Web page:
About Fort Rock State Park
Fort Rock State Park – Like a desert mirage, this National Natural Landmark rises huge out of the barren, immense flatness of Oregon’s high desert. An enormous near-circle of towering jagged rock walls makes it seem like a fort. Hike around and you’ll soon realize it’s even bigger than it looks! It’s an old tuff ring set in what was a shallow sea in prehistoric times.
The Fort Rock Basin has served as a vital part of the Native American lifestyle. Fort Rock Cave is near Fort Rock State Natural Area and is the site of an archaeological discovery of several 9,000 to 11,000 year-old sagebrush sandals. This property serves as a reminder of the rich cultural heritage that has shaped so much of Oregon’s history.
The story of the Fort Rock Basin is told by the artifacts left behind and by the rich oral tradition of the tribes who claim the area as home. Fort Rock Cave is a National Heritage site and is open only by a state park guided tour.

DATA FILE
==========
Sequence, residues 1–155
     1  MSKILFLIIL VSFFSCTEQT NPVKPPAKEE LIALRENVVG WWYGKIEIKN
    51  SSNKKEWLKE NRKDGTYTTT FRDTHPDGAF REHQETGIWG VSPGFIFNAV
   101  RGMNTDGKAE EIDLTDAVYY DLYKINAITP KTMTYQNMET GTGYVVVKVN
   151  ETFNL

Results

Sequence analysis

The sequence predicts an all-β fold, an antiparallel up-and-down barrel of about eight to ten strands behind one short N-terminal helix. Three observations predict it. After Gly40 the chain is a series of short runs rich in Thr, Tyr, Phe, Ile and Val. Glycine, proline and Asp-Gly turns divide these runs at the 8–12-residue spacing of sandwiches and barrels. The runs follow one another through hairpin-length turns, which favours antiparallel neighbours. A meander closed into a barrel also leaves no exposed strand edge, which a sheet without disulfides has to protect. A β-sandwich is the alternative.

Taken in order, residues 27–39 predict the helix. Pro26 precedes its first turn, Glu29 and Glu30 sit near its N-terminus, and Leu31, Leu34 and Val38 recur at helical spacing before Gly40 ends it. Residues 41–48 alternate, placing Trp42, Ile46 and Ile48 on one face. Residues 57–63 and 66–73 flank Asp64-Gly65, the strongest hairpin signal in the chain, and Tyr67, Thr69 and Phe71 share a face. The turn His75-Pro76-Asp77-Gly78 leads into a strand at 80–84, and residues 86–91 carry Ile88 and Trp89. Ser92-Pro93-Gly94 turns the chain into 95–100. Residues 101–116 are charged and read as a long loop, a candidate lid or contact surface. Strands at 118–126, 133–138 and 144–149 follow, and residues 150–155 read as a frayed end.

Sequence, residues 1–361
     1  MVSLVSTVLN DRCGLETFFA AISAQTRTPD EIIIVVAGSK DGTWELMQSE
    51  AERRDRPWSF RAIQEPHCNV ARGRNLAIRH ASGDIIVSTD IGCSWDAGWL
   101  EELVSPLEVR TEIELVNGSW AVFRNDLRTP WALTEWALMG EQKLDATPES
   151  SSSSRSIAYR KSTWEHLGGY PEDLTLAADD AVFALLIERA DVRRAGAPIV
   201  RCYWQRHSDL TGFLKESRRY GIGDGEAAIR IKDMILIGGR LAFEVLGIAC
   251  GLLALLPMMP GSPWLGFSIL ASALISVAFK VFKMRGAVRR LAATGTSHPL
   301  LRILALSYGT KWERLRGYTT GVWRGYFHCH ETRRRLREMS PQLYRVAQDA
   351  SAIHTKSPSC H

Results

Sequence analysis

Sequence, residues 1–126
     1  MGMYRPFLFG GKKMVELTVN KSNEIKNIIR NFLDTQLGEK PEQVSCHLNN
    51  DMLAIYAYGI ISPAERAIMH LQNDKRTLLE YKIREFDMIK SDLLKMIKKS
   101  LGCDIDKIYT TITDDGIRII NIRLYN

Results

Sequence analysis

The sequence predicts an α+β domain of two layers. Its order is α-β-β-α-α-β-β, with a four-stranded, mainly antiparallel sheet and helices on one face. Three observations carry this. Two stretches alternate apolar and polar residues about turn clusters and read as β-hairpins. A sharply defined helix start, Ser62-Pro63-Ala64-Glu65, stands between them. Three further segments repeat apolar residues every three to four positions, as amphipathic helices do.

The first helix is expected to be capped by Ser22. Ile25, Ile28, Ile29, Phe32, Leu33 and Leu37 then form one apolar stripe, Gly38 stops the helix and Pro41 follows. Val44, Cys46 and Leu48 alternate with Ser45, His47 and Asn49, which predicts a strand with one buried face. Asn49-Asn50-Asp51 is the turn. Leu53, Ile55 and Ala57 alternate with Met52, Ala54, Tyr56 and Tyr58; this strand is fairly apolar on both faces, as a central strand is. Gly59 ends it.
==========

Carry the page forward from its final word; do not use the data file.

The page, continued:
As you walk around inside, imagine the early American Indians who canoed to and from what was then an island. Sandals found in a nearby cave are the oldest ever discovered, dating back around 9,000-13,000 years. Guided tours of Fort Rock Cave are available contact LaPine State Park at 541-536-2428 for more information.
Fort Rock State Park is a great hiking area, complete with a picnic area, restrooms, and information on the history of the region. While you are visiting, please also check out the nearby ghost town Fort Rock Homestead Village Museum, to see how early settlers lived in this high desert region complete with clothing, buildings from the early 1900s.